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Jeremiah 22:24

24 As I live, saith the LORD, though Coniah the son of Jehoiakim king of Judah were the signet upon my right hand, yet would I pluck thee thence;

24. Vivo ego, dicit Jehova, quod si esset Coniahu filius Joakim regis Jehudah annulus signatorius super manum dexteram meam (hoc est, in many dextera mea,) ego inde to evallam (mutatio est personae.)

 

God here makes an oath that he had resolved to punish Jeconiah, who was also called Jehoiachim. And he says, That though he sat on the throne of David, he would yet be a miserable exile. We have, indeed, seen elsewhere, that the Jews were so fascinated as to think that, God was bound to them; and at the same time they allowed themselves every liberty in sinning, under the pretense that God had promised that the kingdom of David would remain as long as the sun and moon continued in the heavens, (Psalm 89:37) but they did not consider that there was a mutual compact in God’s covenant; for he required them to be faithful on their part: nor did they consider that many were Abraham’s children according to the flesh, who were not his lawful children before God. As to the king himself, he never thought it possible that he should be driven into exile, because he was David’s successor and ordained by God.

This, then, is the reason why God now declares, Even though that Coniah were as a sealing ring on my finger, I would yet pluck it off thence However exalted then was Jeconiah, God shews that his dignity would be only for a time, and would soon fade away; for he would be at length thrust from his throne, and his condition wholly changed. The word Coniah is, no doubt, in a mutilated form, instead of Jehoiachin. The Prophet then calls him Coniah by way of contempt, as though he did not think him worthy of the complete name, but expresses it in two instead of four syllables. So the Prophet, though Jeconiah was then the king, yet calls him Coniah. 6565     The early Versions throughout this passage give his name as Jeconiah; but the Targ., Coniah, according to the Hebrew. The Rabbins give various reasons for the change, and others too, which are frivolous. The reason given by Calvin and adopted by Gataker, Lowth, and others, is confirmed by the contemptuous language used in the 28th verse. — Ed.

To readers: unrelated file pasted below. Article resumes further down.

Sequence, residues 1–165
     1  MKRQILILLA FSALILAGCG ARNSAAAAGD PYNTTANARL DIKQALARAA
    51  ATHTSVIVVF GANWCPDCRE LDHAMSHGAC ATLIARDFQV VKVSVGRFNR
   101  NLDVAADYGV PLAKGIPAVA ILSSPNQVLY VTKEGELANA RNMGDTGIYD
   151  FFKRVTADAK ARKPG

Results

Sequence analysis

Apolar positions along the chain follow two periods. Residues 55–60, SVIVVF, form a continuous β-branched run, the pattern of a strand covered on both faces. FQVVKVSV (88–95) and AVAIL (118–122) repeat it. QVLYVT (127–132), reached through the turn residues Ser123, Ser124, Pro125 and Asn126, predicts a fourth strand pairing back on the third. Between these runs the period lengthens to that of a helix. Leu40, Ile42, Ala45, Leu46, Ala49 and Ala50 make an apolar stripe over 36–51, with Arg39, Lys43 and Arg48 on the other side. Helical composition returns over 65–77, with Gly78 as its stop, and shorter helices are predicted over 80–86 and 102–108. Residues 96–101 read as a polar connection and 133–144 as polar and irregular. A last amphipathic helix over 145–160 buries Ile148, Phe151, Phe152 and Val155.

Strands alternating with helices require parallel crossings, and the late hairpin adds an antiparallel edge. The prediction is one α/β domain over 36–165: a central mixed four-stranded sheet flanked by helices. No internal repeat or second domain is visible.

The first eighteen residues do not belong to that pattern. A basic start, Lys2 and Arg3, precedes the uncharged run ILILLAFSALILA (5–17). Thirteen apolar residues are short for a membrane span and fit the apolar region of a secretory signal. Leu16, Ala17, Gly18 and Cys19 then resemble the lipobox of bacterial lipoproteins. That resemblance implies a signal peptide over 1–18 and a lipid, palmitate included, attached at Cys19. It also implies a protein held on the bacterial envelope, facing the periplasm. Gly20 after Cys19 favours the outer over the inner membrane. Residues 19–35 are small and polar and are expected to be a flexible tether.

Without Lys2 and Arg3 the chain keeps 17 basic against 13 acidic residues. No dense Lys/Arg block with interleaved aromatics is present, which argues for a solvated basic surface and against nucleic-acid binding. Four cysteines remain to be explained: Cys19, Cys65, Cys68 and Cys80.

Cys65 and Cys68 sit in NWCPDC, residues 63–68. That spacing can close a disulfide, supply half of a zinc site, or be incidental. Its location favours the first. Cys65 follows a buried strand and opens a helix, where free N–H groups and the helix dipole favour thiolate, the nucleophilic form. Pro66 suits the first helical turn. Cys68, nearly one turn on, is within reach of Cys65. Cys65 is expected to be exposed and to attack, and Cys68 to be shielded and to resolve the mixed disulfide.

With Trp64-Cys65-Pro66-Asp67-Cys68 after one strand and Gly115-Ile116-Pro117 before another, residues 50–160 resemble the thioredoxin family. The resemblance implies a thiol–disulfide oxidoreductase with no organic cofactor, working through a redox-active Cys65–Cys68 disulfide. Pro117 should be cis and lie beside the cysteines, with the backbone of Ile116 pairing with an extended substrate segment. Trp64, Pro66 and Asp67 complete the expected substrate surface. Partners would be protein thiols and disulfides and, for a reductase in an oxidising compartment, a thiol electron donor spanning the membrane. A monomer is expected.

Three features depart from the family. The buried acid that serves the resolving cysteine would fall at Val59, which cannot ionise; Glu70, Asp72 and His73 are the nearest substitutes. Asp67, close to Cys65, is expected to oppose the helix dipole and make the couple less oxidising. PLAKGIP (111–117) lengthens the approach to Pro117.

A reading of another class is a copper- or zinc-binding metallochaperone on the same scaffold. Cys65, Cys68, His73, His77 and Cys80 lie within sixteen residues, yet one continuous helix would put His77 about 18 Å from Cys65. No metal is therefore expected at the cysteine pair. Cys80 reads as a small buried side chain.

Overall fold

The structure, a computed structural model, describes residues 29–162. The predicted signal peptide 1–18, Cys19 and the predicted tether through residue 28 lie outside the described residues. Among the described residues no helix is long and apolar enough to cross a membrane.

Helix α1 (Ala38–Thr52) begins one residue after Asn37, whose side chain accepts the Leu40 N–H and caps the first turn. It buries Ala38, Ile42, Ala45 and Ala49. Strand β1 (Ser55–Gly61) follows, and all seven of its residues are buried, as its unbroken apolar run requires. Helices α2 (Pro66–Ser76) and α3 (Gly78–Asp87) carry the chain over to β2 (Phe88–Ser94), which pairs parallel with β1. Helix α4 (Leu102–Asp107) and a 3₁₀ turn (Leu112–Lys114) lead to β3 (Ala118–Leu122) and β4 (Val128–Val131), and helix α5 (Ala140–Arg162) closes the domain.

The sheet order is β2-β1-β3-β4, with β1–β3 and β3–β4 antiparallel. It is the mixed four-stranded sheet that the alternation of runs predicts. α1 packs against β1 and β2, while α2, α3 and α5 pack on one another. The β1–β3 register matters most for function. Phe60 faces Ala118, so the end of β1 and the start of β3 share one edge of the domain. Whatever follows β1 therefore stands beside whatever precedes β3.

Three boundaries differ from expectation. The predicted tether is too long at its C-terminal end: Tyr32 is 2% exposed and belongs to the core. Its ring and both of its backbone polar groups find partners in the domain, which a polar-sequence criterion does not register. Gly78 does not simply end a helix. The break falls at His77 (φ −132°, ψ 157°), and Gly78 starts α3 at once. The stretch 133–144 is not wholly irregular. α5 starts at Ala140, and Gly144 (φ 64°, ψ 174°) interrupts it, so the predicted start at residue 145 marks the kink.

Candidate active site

Now, this passage teaches us, that we ought not to be in such a way proud of God’s favors, as to forget what we are, but ever to remember that we are dependent on him, and that we ought diligently to pray to him at all times; for security breeds contempt; hence it is; that God strips us of the ornaments with which we have been clothed; and it is a just reward for our ingratitude. Let all, then, who excel others know, that what has been given may at any time be taken away, except good conscience be as it were the guard to preserve God’s gifts and benefits, so that they may not at any time fall away or be lost. It follows —


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